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Have Children Someday? No Way?

posted by Robert Clark staff Staff Profiles Desktops & Documents rclark Desktop Sandberg Lean InWhen is the “right time” to have children?  What challenges will children bring to balancing career and life?  Will the rewards of being a mother outweigh the sacrifices?  If your habit is to give 150 percent to your job, where, realistically, will energy and time for family come from?  What does it mean to “have it all”?

Sheryl Sandberg, the COO of Facebook, answered such questions by offering women advice about how to climb the corporate ladder and raise children: exude confidence, get noticed, do not be afraid to negotiate, and make oneself be perceived as being as fully present and motivated as male peers, even when one is planning a family.  Sandberg made those points and others in a video-lecture on the TED website, which led to a bestselling book (Lean In: Women, Work and the Will to Lead). She then founded an organization for women to promote her ideas.  The TED talk has had 2,533,238 views as of June 5th, 2013.  Sandberg’s all-available-channels strategy reached a huge audience. 

Anne-Marie Slaughter, an expert on international policy and law, has a different perspective.  An article she wrote for The Atlantic magazine cited Sandberg, explained where they disagreed, and quickly went viral.  Instead of focusing on individuals, Slaughter—a former Director of Policy Planning for the U.S. State Department—pointed out that despite lip service to “family values” and the empowerment of women, practical changes to corporate practices were essential if women were truly, and in large numbers, to lead them. She stressed that if more women were leaders, it would be a profitable outcome for companies and talent-enriching one for nations.  Her article is entitled “Why Women Still Can’t Have It All.”

Garden-variety journalists reported this discussion under the cliché headline “The Mommy Wars,” using what editors call the “conflict formula” to enliven articles.  Supposedly at war were:  rich women vs. working moms, older vs. younger feminists, professions like law and university teaching vs. social media entrepreneurs, or Conservative vs. Liberal values.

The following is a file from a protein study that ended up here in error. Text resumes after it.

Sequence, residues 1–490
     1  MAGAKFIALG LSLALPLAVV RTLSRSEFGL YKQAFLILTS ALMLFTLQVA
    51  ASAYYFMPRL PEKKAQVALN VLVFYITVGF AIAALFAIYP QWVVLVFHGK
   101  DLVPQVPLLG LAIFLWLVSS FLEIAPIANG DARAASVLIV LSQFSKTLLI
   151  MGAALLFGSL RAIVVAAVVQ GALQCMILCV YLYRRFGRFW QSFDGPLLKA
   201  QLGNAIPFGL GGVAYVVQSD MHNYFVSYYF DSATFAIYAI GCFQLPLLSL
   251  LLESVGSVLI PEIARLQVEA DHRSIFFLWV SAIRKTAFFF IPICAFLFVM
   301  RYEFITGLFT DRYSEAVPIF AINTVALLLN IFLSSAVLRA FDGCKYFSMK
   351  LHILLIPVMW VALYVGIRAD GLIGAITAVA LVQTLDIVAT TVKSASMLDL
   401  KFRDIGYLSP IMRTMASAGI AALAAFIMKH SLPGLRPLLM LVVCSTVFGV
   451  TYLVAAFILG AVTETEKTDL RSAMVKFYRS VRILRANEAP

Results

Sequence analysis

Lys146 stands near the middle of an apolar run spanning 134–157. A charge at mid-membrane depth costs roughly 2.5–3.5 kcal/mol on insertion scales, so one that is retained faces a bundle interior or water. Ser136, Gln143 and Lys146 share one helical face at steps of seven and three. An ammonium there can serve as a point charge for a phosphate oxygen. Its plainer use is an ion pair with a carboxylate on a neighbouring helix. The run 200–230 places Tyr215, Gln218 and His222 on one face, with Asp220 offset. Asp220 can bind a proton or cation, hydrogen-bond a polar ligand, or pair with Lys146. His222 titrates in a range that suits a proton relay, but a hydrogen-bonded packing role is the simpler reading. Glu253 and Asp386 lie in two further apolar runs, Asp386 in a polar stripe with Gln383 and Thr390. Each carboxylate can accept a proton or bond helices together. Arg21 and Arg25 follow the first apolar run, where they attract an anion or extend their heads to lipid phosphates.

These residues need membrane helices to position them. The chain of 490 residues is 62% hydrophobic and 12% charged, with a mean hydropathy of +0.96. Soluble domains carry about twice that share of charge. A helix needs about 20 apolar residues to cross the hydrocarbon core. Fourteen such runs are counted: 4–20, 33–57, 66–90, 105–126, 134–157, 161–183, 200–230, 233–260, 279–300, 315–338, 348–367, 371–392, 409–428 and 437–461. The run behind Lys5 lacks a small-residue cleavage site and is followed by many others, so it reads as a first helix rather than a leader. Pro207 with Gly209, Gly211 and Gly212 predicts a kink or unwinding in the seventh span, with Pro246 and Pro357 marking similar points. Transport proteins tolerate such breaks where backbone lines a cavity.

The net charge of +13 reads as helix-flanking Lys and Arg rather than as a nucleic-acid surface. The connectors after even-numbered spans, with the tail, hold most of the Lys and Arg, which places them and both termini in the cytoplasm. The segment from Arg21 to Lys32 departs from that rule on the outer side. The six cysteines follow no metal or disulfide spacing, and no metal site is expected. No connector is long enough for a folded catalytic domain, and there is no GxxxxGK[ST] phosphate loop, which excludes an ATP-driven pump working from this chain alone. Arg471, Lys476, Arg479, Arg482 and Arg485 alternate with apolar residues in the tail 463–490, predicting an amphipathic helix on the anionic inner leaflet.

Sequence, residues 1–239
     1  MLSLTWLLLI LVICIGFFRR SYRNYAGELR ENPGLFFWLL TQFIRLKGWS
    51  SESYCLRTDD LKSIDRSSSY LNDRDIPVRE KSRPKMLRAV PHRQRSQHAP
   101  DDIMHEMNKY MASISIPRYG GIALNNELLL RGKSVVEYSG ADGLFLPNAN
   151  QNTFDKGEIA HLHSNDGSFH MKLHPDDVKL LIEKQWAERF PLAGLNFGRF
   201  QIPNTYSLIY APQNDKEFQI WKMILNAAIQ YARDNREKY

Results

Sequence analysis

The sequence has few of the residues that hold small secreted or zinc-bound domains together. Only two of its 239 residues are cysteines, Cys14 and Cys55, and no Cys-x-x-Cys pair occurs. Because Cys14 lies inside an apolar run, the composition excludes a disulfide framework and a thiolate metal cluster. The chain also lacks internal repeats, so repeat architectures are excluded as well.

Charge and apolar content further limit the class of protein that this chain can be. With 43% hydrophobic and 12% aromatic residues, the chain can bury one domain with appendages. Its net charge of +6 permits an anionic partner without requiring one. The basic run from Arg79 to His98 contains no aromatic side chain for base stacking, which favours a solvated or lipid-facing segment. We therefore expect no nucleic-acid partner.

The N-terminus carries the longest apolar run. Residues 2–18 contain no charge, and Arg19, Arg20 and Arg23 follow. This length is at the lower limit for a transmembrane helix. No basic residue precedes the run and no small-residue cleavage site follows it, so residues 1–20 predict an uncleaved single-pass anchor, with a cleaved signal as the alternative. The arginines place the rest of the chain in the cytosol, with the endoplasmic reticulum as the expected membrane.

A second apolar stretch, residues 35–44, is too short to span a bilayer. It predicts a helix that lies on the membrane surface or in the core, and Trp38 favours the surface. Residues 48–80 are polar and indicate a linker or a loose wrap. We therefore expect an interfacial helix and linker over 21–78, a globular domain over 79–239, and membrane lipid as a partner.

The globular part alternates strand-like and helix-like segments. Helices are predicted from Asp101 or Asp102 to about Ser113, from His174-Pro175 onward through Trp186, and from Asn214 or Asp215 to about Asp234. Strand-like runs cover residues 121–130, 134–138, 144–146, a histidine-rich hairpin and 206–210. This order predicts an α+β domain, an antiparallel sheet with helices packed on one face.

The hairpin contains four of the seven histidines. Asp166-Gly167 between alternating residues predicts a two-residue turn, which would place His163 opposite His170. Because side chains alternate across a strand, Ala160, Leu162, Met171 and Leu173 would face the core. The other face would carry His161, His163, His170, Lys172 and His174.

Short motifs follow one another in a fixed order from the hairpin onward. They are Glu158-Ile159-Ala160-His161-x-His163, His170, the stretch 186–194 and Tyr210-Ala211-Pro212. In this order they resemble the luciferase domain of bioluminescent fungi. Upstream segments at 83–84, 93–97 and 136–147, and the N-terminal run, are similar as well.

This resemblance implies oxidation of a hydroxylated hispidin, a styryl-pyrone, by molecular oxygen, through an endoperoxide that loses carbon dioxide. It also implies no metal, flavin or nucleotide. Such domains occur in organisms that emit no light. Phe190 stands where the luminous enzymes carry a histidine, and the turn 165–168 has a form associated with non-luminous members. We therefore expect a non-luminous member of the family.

Craftier writers at Salon, The Huffington Post, and Slate attacked the media instead.  They pointed out that the media (that is, the rest of the media) were simply churning up a dispute to gain attention. Most articles misrepresented women, work and careers, and oversimplified a complex subject. All true.  The clever writers often ended by noting the vile dilemma that whatever choice women made, someone would criticize them for it. But what were mothers, or those who want to be mothers, to do?   

Let’s look to common prejudices and business for one answer.  I am male and have no children and therefore disqualified from more definite suggestions. 

Consider financial rewards and bedrock cultural values.  Do Americans ever want to hear that any person is not the lone master of his or her own soul?  How popular is the message that someone cannot rise to any height that their hard work and other virtues will take them?  Let’s compare the sales of self-help books and serious books about social policy for our answer.  But the ideals of radically individualistic success of Ben Franklin, Emerson, Fitzgerald and Hemingway (with severe caveats) and, perhaps especially, Helen Gurley Brown, the long-time editor of Cosmopolitan who coined the phrase “having it all,” could all be brought into evidence.

Then tally the lucrative rewards for projects with dubious social worth.  Self-help books always have one, or even two, helpful hints.  But, since Samuel Smiles wrote one of the first ones, (Self Help, 1845) guides to self-improvement rarely contain enough wisdom to truly change the reader. They also seldom provide insight into the larger forces that help to shape the reader’s life.  That is why the genre is a goldmine: readers buy one after another self-help book after feeling a brief lift from each.

Anne-Marie Slaughter has been a policy-maker, scholar, professor of law and writer for popular audiences—four strikes against her for those who think those occupations must mean that she is impractical.  Sheryl Sandberg, as successful as she has been in business, and as sexy and new as social media may be, wrote a tweaked but predictable self-help guide. Slaughter delivered less appealing news: corporations and academia are still sexist, they undervalue family life, and schedules and work rules and even the notion of success really do have to change. Picking the right life-partner, or a strategic sequence-plan to raise children, does not solve the problems. That remains true no matter how committed to work, how talented they are, or what kind and level of occupation women choose. 

Listen to Sandberg as well as Slaughter. There is far more overlap in their arguments than the conflict model of journalism suggests. For young women realistic about succeeding, the more ideas that go beyond the individual, the less they think the choice is only about their own situation and values, the greater the chance that they will actually lead.

Robert Clark

Sheryl Sanberg’s TED talk:\

Ann-Marie Slaughter’s article in The Atlantic


Topics: social media, women and work, lean in, sandberg, mommy wars, self help

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